Sup. Deanna Alexander
Press Release

Supervisor Alexander Stands Firm on “Bathroom Bill” Compromise

Milwaukee County Board Carelessly Blows Off Protecting the Public from Sex Offenders

By - Apr 25th, 2014 11:22 am

Milwaukee County Supervisor Deanna Alexander offered compromise after compromise during the County Board’s vote on a controversial and problematic anti-discrimination ordinance, but a majority of the Board denied every effort to move forward.

Many people were worried because the anti-discrimination ordinance guaranteed very broad legal protections for those self-identifying as another gender to have a right to utilize all county facilities.

“Citizens were rightfully concerned that this law would extend protections for peeping toms and other predators to use LGBT protections as cover for going into bathrooms they don’t belong,” said Alexander.

“All of us should want to treat people fairly and respect diversity, but at some point we must remember common sense and ensure that we protect the public. I believe this ordinance leaves some loopholes that are going to aid sexual predators in hurting our community.”

The definitions of “gender identity” and “gender expression” were so sweeping that several board members admitted that they could not figure out their meaning or even identify who would be protected by the new ordinances.

While agreeing to help protect the rights of LGBT individuals to seek employment, to work, and to participate in County services without discrimination, Supervisor Alexander sought to make the following additions to the bill:

  • Prevent registered sex offenders from using the anti-discrimination ordinance as cover for entering restrooms and changing areas to commit crimes.
  • Require the county to put signage on multi-person restroom and changing room doors to indicate that trans-gendered persons may use those rooms. Require signage identifying the locations of private-use restrooms.
  • Clearly identify that the intent of the County ordinance in the broad definitions of sexual preference, gender identity, and gender expression would not ever include reverence for pedophilia, regardless of how any medical, state, or federal definitions might change over time.
  • Religious exemptions for County contractors and those providing housing to the public in a shared or boarding house atmosphere.
  • Ensuring that no individuals could manipulate County departments’ workplace rules by improperly citing the anti-discrimination ordinance.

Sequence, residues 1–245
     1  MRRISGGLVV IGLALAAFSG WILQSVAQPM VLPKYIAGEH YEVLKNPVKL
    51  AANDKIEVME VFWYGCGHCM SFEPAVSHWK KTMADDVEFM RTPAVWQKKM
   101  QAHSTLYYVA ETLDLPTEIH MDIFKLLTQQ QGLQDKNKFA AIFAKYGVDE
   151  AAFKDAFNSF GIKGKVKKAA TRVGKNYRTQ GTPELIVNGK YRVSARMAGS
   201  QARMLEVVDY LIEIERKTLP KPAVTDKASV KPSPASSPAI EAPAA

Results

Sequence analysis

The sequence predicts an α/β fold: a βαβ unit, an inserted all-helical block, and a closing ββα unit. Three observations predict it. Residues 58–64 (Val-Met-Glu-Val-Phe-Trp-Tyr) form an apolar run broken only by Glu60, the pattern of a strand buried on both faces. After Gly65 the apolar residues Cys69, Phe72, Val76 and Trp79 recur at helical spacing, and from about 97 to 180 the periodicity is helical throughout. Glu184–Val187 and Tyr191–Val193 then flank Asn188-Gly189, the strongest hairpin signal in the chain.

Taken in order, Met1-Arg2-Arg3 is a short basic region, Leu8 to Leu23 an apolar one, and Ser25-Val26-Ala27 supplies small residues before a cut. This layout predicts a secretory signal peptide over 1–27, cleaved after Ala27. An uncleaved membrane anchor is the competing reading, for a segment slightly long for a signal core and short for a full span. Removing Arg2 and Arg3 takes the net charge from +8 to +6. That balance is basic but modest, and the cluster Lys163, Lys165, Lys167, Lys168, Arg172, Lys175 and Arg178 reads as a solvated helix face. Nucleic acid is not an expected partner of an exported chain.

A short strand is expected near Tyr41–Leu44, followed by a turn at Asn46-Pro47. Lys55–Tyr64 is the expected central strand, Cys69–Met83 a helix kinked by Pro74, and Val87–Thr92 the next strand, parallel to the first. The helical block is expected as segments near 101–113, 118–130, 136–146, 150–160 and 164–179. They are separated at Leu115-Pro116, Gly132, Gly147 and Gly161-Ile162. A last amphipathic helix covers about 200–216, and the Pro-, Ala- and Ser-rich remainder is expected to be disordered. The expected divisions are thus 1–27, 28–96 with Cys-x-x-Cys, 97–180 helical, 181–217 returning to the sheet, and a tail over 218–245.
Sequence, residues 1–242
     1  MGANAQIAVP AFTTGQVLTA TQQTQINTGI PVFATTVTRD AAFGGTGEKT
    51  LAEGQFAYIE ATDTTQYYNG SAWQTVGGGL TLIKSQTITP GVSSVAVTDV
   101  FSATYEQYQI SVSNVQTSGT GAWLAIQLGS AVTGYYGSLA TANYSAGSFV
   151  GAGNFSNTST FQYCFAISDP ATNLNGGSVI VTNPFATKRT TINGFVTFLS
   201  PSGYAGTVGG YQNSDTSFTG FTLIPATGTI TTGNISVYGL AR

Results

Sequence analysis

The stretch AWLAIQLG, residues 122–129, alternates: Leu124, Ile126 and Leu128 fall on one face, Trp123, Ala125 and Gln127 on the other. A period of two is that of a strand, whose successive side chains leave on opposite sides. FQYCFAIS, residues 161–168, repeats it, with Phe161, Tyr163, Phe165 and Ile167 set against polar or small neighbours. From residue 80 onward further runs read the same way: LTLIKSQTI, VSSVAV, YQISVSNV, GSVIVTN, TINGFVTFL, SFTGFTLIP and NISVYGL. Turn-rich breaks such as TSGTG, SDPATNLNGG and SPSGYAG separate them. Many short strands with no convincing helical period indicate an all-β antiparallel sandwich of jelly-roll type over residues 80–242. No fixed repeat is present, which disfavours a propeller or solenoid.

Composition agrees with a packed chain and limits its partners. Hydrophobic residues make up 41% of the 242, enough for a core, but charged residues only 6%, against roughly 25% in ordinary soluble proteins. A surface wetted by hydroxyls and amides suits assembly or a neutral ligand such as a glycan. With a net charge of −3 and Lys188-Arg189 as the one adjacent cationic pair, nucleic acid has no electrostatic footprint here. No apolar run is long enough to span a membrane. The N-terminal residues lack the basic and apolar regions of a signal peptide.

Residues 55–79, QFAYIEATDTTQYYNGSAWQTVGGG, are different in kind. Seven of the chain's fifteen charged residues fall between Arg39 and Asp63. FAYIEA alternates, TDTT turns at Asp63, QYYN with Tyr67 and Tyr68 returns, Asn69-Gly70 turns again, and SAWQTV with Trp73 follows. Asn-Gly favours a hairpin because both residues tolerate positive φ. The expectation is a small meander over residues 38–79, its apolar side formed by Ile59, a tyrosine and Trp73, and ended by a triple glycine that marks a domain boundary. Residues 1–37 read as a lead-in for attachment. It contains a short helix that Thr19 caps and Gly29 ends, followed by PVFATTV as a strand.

The County Board denied the addition of every single clause. Chairwoman Dimitrijevic claimed that the word “pedophile” was offensive and banned its use in the meeting, attempting to censor Supervisor Alexander’s choice of words as she defended her amendments in debate. Other Supervisors claimed that the amendments were “hate speech.”

“My primary job as a policymaker is to ensure we do a good job exploring the ramifications of new laws and that we do our due diligence in writing laws that are specific enough to actually mean something,” said Alexander.

“Everything I’ve proposed and said was respectful of the public and the LGBT community—some Supervisors were just so bent on feeding stereotypes, they clearly leaned on silly allegations instead of actually listening to debate.”

After making a circular argument claiming that the ordinance allowing access to “all facilities” had nothing to do with bathrooms, Supervisor Peggy Romo West dissented on putting up signs letting people know which genders could access restrooms due to her perception that it would cost too much money.

“When we’re talking about letting women know that men have a legal right to be present where they undress, the cost of printing a piece of paper to post on the door is irrelevant to me—public safety comes first,” said Alexander.

At the end of hours of debate, Supervisor Alexander made a final attempt at compromise by calling to divide the question, or to pass the ordinance in two parts so that Supervisors could vote for the parts they supported and deny the portions that they still had questions about.

The County Board denied that motion and passed the resolution on a 12-6 vote.

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